I often fall into the trap, as I suppose many people do, of being generally dissatisfied with the work that I’m producing. I make images that I like just often enough to keep me engaged but it can be tough to keep going especially when we’re surrounded by an onslaught of great work on social media.
The guitar teacher Tomo Fujita tells his students ‘Be Kind to Yourself, Don’t Compare, Don’t Expect Too Fast, and Don’t Worry.’ Good advice for anyone whether they are trying to learn a new skill or to be creative.
The other advice that I turn to when I’m struggling is what Ira Glass said about ‘The Gap’ (see video 3 below). He’s describing the difference between what you know is good and want to be able to do and what you’re currently able to achieve.
Check out the illustrated video below.
The solution of course is to do a lot of work. Bang it out even if you don’t feel like it. Just keep going. You will get better, you will evolve and you will close the gap.
Checkout the full interview ‘Ira Glass on Storytelling’ in the following videos. This should be required viewing for anyone in the creative arts.
I learn all kinds of stuff by listening to my kids talk to their friends. Some of it immediately, some of it takes me a while to unravel.
It’s snowboard season here in New England which means trips to and from the slopes with groups of high school age kids for me. They are very much into making videos of their exploits to get feedback on how they are doing with learning tricks but also to post on social media. ‘Doin’ it for the ‘gram’ was the phrase used in a rather derogatory tone.
That got me thinking about what I post on social media and why and what are my expectations. I am playing a game with my posts on Instagram, or at least I have some simple rules that I am following. Must be shot and edited on my phone. No wireless transfer of files from any of my ‘fancy’ cameras, no transfer of files from the phone onto my computer for editing. All has to be done on the phone. Also the apps that I use can’t be mobile versions of Lightroom or Photoshop.
This of course is less of an amazing feat now that the phone cameras are so incredibly capable and produce high-res files. It goes without saying that phones themselves are way more powerful computers than the first desktop computers I worked with but then I grew up with a single rotary dial phone in the house if you catch my drift.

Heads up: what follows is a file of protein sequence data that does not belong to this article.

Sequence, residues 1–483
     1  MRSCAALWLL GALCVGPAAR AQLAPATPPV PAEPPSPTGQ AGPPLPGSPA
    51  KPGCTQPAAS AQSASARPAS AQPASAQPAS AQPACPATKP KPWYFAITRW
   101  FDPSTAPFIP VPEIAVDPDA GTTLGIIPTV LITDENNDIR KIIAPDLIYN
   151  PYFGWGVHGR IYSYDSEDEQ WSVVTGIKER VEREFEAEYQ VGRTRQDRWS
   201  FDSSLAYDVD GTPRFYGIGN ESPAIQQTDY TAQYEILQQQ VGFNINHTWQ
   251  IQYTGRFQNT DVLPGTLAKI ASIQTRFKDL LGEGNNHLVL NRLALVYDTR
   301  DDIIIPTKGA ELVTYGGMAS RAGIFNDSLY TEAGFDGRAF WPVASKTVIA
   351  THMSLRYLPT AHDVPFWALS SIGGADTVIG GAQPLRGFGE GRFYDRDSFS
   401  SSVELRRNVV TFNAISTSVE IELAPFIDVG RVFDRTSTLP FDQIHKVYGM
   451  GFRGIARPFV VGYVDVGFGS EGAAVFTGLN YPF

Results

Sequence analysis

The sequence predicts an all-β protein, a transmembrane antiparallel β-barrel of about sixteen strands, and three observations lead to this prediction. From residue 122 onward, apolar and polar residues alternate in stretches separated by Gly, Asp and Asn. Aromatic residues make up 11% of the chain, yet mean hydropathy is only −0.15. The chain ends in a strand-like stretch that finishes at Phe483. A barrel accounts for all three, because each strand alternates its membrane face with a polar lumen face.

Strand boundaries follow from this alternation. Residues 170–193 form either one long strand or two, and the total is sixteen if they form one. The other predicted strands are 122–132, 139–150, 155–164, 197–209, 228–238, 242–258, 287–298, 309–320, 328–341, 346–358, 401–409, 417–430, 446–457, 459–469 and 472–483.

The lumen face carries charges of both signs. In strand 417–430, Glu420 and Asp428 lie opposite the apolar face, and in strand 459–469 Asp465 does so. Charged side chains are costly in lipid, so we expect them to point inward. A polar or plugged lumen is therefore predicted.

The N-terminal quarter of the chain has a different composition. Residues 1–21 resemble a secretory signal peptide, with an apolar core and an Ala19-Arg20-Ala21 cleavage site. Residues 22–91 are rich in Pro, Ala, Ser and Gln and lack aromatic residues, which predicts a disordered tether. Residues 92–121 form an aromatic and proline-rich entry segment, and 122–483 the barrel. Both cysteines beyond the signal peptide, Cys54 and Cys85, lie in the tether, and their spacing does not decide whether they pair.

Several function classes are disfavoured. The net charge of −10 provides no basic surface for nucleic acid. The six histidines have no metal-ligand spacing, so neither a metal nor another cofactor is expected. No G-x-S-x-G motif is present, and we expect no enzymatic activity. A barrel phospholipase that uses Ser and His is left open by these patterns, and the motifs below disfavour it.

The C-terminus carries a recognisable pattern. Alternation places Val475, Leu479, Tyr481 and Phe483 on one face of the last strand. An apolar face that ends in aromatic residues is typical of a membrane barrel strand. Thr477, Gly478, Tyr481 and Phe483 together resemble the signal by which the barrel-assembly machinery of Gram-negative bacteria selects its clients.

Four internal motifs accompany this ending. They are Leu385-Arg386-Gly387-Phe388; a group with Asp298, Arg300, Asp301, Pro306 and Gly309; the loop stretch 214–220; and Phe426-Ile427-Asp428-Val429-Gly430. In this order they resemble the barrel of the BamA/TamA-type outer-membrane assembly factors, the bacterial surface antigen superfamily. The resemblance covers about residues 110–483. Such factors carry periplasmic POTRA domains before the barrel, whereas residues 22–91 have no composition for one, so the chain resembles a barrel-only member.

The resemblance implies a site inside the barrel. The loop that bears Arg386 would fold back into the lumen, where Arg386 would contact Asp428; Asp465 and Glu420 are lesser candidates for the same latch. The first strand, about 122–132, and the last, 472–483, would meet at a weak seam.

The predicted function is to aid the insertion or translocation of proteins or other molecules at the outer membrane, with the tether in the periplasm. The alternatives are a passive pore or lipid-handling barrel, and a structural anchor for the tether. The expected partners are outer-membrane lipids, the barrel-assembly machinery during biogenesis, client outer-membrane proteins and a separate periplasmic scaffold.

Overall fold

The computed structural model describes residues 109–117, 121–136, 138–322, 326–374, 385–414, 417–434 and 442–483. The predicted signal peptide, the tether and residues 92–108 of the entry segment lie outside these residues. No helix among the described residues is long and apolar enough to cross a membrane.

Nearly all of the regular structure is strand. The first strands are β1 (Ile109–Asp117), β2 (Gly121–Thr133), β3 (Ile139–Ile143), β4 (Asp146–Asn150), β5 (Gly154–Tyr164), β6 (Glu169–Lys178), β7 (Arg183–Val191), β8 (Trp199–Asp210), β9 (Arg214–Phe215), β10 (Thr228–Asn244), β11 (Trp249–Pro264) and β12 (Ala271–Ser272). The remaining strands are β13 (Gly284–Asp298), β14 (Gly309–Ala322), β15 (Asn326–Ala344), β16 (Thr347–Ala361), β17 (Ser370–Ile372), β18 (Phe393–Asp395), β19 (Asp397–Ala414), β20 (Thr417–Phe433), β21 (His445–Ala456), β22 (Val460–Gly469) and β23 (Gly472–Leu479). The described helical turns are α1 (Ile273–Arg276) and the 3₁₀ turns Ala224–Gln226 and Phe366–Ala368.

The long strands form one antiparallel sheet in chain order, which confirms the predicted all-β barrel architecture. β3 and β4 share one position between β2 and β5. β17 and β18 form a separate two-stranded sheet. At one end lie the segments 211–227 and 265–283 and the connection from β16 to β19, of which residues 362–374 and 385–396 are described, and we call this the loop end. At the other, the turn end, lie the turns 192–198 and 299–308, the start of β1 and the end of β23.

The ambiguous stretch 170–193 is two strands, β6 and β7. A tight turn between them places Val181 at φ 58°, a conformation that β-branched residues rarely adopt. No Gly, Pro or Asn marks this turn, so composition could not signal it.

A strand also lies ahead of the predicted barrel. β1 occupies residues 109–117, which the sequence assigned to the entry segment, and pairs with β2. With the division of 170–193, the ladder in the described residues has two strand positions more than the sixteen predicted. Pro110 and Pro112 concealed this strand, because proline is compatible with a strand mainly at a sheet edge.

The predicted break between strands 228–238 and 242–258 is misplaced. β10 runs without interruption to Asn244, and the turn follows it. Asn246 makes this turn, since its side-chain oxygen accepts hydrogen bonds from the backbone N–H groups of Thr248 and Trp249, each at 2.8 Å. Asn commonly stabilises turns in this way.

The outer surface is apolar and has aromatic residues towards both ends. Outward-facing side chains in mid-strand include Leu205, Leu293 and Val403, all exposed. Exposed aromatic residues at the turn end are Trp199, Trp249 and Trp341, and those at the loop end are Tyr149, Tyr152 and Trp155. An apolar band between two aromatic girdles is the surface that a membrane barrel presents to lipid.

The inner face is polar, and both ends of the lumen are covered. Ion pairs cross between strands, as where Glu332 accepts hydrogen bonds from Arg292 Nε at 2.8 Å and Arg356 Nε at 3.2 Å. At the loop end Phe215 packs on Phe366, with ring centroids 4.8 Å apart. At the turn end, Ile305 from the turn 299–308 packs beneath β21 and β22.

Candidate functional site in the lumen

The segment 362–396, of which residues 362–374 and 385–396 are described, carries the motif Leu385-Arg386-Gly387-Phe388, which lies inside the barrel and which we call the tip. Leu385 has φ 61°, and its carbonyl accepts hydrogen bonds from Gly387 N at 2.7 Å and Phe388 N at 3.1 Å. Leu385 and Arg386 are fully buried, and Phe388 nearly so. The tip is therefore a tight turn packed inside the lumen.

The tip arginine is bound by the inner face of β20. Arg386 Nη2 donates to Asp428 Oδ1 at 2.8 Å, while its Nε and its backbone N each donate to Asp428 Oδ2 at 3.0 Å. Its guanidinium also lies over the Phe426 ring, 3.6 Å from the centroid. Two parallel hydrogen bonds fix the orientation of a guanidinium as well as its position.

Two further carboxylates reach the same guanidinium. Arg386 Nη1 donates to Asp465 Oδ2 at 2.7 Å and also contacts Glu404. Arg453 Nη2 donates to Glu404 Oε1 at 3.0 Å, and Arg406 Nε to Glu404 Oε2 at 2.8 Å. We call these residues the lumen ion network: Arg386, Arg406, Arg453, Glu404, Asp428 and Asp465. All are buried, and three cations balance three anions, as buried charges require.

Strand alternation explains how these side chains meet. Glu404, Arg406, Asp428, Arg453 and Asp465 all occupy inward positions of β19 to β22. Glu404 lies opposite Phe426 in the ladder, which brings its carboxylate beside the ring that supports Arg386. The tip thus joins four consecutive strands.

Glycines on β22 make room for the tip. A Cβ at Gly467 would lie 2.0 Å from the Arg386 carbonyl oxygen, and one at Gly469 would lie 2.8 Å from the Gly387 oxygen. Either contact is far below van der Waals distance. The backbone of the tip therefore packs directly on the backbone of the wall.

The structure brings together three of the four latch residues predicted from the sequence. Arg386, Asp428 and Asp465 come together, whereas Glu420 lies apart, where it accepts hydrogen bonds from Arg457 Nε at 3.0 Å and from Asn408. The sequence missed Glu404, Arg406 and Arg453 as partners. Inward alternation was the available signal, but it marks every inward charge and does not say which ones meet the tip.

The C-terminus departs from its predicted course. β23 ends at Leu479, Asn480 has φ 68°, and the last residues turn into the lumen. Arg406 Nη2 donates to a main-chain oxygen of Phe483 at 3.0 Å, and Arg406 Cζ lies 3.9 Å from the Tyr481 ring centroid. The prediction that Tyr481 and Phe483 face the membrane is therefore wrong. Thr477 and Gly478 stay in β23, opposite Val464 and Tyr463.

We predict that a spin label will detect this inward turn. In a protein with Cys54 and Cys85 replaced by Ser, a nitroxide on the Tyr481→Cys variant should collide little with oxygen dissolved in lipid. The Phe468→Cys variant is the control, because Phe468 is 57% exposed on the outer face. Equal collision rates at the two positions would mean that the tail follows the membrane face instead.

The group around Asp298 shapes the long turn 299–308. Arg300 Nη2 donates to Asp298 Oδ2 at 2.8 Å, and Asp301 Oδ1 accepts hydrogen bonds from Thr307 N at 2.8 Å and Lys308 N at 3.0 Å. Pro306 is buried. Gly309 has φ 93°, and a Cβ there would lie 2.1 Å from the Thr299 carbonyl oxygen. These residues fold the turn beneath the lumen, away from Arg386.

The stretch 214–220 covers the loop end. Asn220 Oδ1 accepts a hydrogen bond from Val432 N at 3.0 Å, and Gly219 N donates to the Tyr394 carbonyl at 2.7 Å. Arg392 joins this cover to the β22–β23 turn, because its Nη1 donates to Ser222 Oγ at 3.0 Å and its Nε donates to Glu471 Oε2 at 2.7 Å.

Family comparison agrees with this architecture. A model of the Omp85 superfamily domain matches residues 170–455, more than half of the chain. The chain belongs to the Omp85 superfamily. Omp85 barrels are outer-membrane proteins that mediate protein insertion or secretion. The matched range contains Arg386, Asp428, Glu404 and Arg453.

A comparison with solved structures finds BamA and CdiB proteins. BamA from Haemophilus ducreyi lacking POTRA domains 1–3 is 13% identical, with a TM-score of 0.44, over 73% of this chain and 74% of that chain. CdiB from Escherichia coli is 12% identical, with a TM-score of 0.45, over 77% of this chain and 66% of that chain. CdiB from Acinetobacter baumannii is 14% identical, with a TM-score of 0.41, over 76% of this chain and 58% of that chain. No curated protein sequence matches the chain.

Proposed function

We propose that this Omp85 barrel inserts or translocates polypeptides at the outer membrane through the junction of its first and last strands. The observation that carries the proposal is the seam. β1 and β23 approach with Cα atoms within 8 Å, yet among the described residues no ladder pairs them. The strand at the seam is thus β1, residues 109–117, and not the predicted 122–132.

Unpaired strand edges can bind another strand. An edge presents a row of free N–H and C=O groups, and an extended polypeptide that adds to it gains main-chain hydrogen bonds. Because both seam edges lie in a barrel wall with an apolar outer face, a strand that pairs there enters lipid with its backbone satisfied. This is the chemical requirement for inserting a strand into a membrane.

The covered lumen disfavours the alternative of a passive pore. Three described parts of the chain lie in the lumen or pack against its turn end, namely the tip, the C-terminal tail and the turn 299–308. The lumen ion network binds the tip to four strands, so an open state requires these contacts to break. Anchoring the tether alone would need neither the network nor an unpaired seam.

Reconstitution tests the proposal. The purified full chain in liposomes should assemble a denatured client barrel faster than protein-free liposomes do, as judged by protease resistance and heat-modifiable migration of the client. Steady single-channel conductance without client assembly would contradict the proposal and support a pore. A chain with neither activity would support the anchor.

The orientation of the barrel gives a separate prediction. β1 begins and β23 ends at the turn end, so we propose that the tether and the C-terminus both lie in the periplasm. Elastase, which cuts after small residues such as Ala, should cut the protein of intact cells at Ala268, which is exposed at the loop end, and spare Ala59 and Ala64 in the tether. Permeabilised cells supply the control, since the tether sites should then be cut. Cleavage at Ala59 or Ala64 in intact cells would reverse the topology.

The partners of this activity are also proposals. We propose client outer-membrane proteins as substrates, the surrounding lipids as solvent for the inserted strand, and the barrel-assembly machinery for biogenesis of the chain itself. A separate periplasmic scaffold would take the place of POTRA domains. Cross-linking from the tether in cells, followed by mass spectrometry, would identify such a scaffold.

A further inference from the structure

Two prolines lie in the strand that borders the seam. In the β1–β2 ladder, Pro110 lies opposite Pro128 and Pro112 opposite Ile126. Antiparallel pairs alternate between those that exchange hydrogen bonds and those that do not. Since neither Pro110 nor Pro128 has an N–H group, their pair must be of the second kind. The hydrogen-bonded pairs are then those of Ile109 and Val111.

The result is a set of photos that are in effect sketches or studies. I’m trying out composition ideas using the phone and quickly processing using filters and effects in a small number of apps – typically Snapseed and VSCO. I’m often accused of being heavy handed with the processing – probably true, certainly lacking the kind of finesse possible on a desktop. Are these the high impact, portfolio best images that will garner lots of ‘likes’ not at all. But that’s not the point.
I’m having fun playing and don’t mind letting people look over my shoulder see my sketchbook develop.
In the first 30 years of your life, you make your habits. For the last 30 years of your life, your habits make you. — Hindu saying that Steve Jobs was fond of
I tend to circle topics until I get a satisfactory answer – something that makes sense to me, is actionable or is a definitive end. It’s a funny trait that I didn’t realize I did until someone pointed it out to me recently. One of those topics is how to learn. I’ll certainly come back to this a few times here.
I was thinking about a story that I read in the book Art & Fear about a pottery class that was split into two. One group was told that their grade would be based on the quantity of work that they produce during the semester while the other group would be graded on the quality of work they produced. At the end of the semester the group that produced the most work also produced work of a higher quality. The act of making, making mistakes, correcting and making again had lead to a deeper understanding.
How can we apply this thinking to our photography to push ourselves forward? I am contemplating a project where I would post an image a day to Instagram and then review my progress at the end of a year. Would this spur me forward to actively create and finish more images? Would that help me get out of a rut and move me forward? I think it may be fun but would be an immense challenge for me. At the moment I rarely leave the house makes it a challenge or at least pushes me in a different direction.
Carrying a camera with me is not a habit that I need to adopt – my phone is always with me. I’m often mentally taking photographs – I still see the American flag, framed on 3 edges by fall leaves that I looked at for a week when I was dropping my daughter off at school but never took the photo – but I don’t take enough photos to be able to post one a day. Not yet anyway.
How about you do you carry a camera with you all the time and do ‘visual push-ups’ every day? Want to join me in the challenge? Need an accountability partner for your project? A year too long? How about a sprint? Everyday for a month? Let me know here or tag me on Instagram.
For me just as the beginning of summer is when we get the boat in the water, the end of summer is when we pull the boat out of the water. This weekend marked the beginning of that process as we made the trek from our mooring to the marina in Norwalk where will be hauled.
This year we were accompanied by Jay our buddy from TowBoatUS who gave us a tow to the dock. If you have a boat a BoatUS membership with on water towing is an amazing insurance policy. I highly recommend it!